Eq. 2.7 is a HF-like single particle equation which needs to be solved iteratively. The eigenvectors constitute the set of canonic KS orbitals. Note that in this case i does not correspond exactly to the physical orbital energies because of the

approximation of the Exc[ρ] functional. In the numerical solution the set of KS

orbitals are expanded on a specific basis set following the Linear Combination of Atomic Orbitals (LCAO) model. Since no exact form of the XC functional is known, approximations are introduced in the numerical practice. The differences among the DFT methods are due to the choice of the functional form of EXC[ρ]

aimed to obtain the best electronic description for the molecular system under investigation. The theory provides no restriction on the choice, therefore, various approximations have been proposed. The principal approximations, in historical

order, are: i) Local Density Approximation (LDA) adopting the exchange and correlation energy density of an uniform electron gas, ii) Generalized Gradient Approximation (GGA) assuming that the functional depends on the up and down spin densities and their gradient, iii) hybrid GGA, introducing a combination of GGA with Hartree-Fock exchange, iv) long-range corrected (LRC) and and Coulomb-attenuating method (CAM) introducing a partition of the two-electron repulsion operator in the exchange functional into short- and long-range parts. The theoretical DFT studies conducted in this work are mainly based on the hybrid functional, B3LYP and the long-range corrected CAM-B3LYP. The first one is one of the most widely used, particularly in the quantum chemistry community. It employs few parameters (determined through fitting to experiment) to control the mixing of nonlocal HF exchange, local Slater exchange and correlation.[9] B3LYP has been applied to several number of different compounds showing good performance especially on ground state properties and geometry optimizations.[10] One of the problem of pure hybrid functional, especially for the excited states, is to correctly reproduce charge-transfer states (CT) and transitions in molecules with an extended conjugation. CAM-B3LYP is one of the most popular examples of the CAM functionals: it corrects the lacking of the long-range exchange interactions present in the B3LYP functional by separating the two-electron repulsion operator 1/r12 in the exchange functional into short- and long-range parts using the error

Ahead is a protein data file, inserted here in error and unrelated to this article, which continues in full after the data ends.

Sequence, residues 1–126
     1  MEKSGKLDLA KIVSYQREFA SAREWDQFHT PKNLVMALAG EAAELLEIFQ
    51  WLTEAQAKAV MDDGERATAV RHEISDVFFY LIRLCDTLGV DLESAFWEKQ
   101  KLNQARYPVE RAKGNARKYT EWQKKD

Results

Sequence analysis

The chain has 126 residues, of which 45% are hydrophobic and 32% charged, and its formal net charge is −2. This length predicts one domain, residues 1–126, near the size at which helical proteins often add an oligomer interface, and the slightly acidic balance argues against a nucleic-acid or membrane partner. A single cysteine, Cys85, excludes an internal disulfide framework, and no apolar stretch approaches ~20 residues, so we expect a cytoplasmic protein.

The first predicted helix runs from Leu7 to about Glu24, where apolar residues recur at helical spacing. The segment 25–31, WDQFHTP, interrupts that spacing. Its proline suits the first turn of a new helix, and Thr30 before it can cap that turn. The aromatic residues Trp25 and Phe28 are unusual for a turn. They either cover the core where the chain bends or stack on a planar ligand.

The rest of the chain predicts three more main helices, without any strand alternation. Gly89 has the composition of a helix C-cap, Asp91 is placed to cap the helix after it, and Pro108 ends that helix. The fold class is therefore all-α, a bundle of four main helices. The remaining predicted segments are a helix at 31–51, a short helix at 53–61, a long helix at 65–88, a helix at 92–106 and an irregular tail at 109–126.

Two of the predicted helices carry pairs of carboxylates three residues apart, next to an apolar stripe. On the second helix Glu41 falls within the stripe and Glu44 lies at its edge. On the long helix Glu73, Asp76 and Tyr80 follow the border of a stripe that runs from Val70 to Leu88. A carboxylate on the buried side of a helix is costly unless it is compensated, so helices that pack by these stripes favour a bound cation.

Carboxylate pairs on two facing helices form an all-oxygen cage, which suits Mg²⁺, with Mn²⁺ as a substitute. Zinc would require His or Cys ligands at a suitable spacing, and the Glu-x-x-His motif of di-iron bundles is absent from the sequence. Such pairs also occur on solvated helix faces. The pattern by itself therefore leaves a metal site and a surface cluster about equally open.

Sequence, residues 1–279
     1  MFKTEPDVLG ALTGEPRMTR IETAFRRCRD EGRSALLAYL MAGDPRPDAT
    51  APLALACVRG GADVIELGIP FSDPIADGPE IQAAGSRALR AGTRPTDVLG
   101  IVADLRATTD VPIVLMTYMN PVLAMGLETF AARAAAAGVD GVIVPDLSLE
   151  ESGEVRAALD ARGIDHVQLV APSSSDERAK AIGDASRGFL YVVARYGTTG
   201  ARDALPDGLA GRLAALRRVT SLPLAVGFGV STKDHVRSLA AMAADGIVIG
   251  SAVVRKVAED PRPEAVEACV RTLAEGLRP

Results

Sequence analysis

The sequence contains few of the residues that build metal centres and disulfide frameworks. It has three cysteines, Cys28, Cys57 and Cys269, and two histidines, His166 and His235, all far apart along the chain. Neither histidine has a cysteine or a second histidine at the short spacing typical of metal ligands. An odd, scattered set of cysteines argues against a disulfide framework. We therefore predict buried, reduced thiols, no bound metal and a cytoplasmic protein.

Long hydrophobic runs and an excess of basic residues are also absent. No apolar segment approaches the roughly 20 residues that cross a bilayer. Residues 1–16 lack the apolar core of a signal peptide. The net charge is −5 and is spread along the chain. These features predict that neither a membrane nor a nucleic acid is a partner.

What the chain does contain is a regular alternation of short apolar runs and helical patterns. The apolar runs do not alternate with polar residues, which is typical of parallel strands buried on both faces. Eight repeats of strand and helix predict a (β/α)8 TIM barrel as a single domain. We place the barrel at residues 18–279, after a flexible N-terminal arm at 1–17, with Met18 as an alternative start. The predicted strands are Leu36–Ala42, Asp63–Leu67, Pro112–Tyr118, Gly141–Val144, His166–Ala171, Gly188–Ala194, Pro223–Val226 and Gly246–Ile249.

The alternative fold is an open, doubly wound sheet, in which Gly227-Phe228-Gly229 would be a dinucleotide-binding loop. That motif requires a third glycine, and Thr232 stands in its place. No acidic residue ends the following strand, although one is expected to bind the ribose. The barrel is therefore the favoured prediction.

function. The DFT exchange functional is included through the first term, and the long-range orbital-orbital exchange interaction is described using the Hartree-Fock exchange integral.[11]

### 2.1.2

### Time Dependent DFT

The original formulation of DFT cannot treat time-dependent (TD) problems nor describe excited states. In 1984, Runge and Gross proved a theorem making the extension of DFT to TD problems possible.[12] The same extension has been ap-plied to get information about electronic excited states through the linear response (LR) approach. In the last two decades LR-TDDFT became increasingly popular for simulating absorption and other electronic spectra. The numerous applications of TDDFT reported in recent years clearly show that such a method can allow the prediction of excited states energies and properties of many compounds with a very favorable accuracy/cost ratio, especially for low-energy and local excitations.

This computational efficiency combined with ease of use has made TDDFT one of the popular QM approaches to study excited states of medium-sized or large molecular systems.[13–17]

The LR-TDDFT theory applies TD perturbation theory to the ground state of a molecule perturbed by a weak oscillating TD electric field g(ω). The effect of the applied field on the ground-state electronic density ρ0(r) depends on a sum whose

terms involve the energy difference between the various electronic excited states and the ground electronic state, where these energies are computed at the same molecular geometry (we assume vertical excitations). The LR-TDDFT equation can be derived using the density matrix formalism.[8] The excitation energies are obtained from the response of the time-independent ground state electron density to a time-dependent external oscillating field at a certain frequency ω. We assume that the system, before the application of the external field, is in its ground state determined by the standard time-independent KS equation, which in the density matrix formulation is: